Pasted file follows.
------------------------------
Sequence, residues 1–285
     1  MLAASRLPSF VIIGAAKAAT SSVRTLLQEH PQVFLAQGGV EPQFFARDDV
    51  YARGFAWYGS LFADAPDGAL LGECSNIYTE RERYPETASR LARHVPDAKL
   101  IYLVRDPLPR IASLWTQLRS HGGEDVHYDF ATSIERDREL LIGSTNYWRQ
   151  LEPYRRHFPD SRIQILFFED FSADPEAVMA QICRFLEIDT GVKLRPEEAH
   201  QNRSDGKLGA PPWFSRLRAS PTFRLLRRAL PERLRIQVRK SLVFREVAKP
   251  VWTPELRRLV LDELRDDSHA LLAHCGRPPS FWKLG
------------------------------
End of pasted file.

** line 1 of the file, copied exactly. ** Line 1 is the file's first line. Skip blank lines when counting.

Sequence, residues 1–285